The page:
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Water near a water-repelling surface cannot dissolve salts

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Posted June 7, 2015

Researchers at the University of Tokyo have demonstrated that water near a water-repelling surface has significantly less capability to dissolve salts.

Salt and a water-repelling surface. Water near a water-repelling surface is less likely to dissolve salts. Image credit: Yoshimitsu Itoh, Takuzo Aida

Salt and a water-repelling surface.
Water near a water-repelling surface is less likely to dissolve salts. Image credit: Yoshimitsu Itoh, Takuzo Aida

Surface pollution is a problem that is found everywhere, such as on dirty clothes in everyday life and shellfish on a ship’s bottom. Since the initial step of pollution starts from adhesion of a pollutant onto a surface, designing antipollution surfaces require an in-depth understanding of surface adhesion at the nanoscale. However, scientific understanding of surface adhesion is still very limited.

The research group of Dr. Yoshimitsu Itoh and Dr. Takuzo Aida at the University of Tokyo, Graduate School of Engineering, Department of Chemistry and Biotechnology discovered that water near a water-repelling surface has significantly less capability to dissolve salts. They utilized a plate where they could place a salt at a defined distance from a water-repelling surface and measured the solubility of salt in water. They found is that when the distance from the water-repelling surface decreases, the salt becomes less soluble. This phenomenon is pronounced at distances of less than one nanometer. One nanometer is the distance at which a substance sticks to a surface.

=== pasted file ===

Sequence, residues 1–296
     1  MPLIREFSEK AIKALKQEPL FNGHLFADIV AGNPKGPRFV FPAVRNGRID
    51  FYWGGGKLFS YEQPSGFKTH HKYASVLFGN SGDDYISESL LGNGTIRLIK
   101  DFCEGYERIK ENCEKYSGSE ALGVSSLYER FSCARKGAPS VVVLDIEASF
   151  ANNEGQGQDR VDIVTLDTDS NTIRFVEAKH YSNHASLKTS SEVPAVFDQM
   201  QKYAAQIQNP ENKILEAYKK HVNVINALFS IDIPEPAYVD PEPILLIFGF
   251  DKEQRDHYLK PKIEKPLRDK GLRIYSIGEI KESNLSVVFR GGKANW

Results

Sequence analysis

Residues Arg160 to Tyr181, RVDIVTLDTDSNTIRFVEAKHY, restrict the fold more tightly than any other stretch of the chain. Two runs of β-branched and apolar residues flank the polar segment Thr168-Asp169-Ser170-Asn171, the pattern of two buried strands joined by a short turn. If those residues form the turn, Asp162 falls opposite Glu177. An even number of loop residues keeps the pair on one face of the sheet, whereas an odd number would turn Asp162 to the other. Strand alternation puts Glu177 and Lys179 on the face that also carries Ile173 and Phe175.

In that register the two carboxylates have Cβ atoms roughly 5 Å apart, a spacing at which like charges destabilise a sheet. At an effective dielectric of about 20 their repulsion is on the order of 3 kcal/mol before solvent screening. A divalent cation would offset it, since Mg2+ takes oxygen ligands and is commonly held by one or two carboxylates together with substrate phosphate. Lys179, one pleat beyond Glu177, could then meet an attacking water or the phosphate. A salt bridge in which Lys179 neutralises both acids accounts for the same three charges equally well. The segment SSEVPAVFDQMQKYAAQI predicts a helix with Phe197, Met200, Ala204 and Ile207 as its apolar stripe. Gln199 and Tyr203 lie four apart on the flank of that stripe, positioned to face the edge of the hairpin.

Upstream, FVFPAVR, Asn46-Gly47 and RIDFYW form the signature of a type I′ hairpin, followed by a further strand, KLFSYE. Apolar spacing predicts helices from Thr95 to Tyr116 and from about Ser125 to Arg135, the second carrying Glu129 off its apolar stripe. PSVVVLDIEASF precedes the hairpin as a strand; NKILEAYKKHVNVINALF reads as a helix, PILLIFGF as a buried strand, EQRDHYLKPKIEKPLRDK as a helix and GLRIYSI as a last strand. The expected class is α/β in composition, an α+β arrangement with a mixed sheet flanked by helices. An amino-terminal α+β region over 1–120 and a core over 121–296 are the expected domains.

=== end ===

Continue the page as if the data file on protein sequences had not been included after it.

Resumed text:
A water droplet on a liquid-repelling surface. Image credit: Brocken Inaglory via Wikimedia, CC BY-SA 3.0

A water droplet on a liquid-repelling surface. Image credit: Brocken Inaglory via Wikimedia, CC BY-SA 3.0

“Water near a water-repelling surface is less able to dissolve salts.” This unique understanding will force a revision of the common sense regarding salt dissolution. This will pave the way not only for designing novel antipollution surfaces, but also for designing drugs, which also requires a precise understanding of interactions between water-attracting and water-repelling parts of molecules.

Source: University of Tokyo

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